In the latest twist in the long-running options backdating saga, and in what appears to be a significant milestone in the options backdating-related gatekeeper claims, on June 15, 2009, Vitesse Semiconductor announced (here) that it had reached a settlement with its former auditor, KPMG LLP, in connection with the option backdating related allegations. In the settlement KPMG agreed to pay $22.5 million and to forgive past indebtedness.


As discussed at greater length here, in June 2007,Vitesse sued KPMG in Los Angeles County Superior Court alleging that KPMG had been negligent in auditing the company’s stock option grants and financial statements during the years 1994 to 2000. Vitesse later amended the complaint to include the years 2001 to 2004.


Vitesse itself had been the subject of an options backdating-related securities class action lawsuit in the Central District of California, as described here. Vitesse settled that lawsuit for a payment $10.2 million in cash, $8.75 million of which came from the company’s D&O insurance carrier, and the balance in payments from individual defendants. The settlement also included the transfer of shares of Vitesse stock from Vitesse and from the individual defendants.


The plaintiffs in the options backdating securities lawsuit had also sued KPMG and as reflected here, on June 16, 2008, the parties to the securities lawsuit filed a stipulation of settlement in which KPMG agreed to contribute $7.750 million toward the class settlement.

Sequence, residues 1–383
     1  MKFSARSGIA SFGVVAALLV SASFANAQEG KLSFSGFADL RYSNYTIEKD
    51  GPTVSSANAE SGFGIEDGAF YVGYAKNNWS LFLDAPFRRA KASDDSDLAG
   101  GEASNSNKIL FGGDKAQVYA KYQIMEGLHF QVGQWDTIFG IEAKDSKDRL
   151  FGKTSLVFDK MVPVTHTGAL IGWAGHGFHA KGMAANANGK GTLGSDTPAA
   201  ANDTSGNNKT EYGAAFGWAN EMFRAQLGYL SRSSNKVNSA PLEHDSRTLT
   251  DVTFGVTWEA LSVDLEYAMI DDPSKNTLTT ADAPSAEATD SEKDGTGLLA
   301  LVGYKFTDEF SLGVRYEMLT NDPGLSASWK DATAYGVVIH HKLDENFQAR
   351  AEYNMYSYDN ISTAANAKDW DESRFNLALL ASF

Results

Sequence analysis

KPMG’s recent $22.5 million settlement of Vitesse’s own lawsuit is in addition to KPMG’s separate $7.750 million contribution to the settlement of the securities class action lawsuit.


As I recently noted (here), the options backdating securities class action lawsuits themselves appear to be winding down, but until word circulated of KPMG’s settlement with Vitesse, I had not heard of the resolution of any cases that companies themselves had filed against their outside professional advisors.


Even if there were prior outside gatekeeper settlements that I missed, the KPMG settlement with Vitesse has to be the most significant settlement between an outside gatekeeper and a company with respect to the options backdating scandal. It will be interesting to see whether the final stage of the options backdating saga includes further significant gatekeeper claim resolutions. Given the magnitude of the KPMG settlement, it would certainly seem that there could be other significant settlements and perhaps even the assertion of additional claims.


I would be very interested to know if readers are aware of the resolution of any other cases that companies have filed against their outside professionals in connection with the options backdating scandal.


As noted here, KPMG is also the subject of a trustee’s claim in connection with the New Century Financial Corp. bankruptcy proceeding. KPMG also remains a defendant in the New Century subprime-related securities class action lawsuit, after its motion to dismiss in that case was denied, as discussed here.


How Will GM Sell Cars Now?: General Motors certainly faces a daunting challenge trying to sell cars as a bankrupt company. I have posted a video link below of an irreverent but particularly funny take on what a bankrupt GM’s ads might look like. The spoof ad does a great job ripping conventional car ad clichés, which clearly won’t work now (if they ever did).

Hat tip to the Planet Money blog for the link to the video. Warning, the ad contains language some might consider offensive.